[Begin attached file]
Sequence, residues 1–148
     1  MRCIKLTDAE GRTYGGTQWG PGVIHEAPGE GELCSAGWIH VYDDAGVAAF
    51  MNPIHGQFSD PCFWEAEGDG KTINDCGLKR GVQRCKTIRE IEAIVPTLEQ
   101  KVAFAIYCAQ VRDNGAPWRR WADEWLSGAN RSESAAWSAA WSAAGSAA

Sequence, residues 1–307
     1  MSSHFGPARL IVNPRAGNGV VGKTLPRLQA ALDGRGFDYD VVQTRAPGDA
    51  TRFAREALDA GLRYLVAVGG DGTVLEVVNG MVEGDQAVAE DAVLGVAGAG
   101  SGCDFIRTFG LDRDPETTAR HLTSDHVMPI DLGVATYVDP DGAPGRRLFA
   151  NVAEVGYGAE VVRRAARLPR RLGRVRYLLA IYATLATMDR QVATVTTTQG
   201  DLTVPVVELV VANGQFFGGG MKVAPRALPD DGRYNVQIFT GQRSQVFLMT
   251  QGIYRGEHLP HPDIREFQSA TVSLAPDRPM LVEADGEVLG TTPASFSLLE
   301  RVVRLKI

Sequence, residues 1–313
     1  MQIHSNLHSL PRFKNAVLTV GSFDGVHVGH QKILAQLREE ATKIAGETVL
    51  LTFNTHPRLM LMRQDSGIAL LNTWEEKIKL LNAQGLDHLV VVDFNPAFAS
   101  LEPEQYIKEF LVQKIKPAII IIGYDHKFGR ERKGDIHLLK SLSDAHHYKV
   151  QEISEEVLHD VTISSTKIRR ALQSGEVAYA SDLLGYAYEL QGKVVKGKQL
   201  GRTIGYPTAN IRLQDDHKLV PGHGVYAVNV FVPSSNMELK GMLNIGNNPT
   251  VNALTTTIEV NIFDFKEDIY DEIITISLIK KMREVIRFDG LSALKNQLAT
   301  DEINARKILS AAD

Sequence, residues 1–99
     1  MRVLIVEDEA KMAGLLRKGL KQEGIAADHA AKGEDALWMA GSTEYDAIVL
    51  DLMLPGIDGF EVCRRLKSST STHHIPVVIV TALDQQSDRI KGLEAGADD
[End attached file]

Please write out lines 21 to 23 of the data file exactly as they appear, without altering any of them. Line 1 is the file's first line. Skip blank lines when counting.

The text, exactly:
Sequence, residues 1–99
     1  MRVLIVEDEA KMAGLLRKGL KQEGIAADHA AKGEDALWMA GSTEYDAIVL
    51  DLMLPGIDGF EVCRRLKSST STHHIPVVIV TALDQQSDRI KGLEAGADD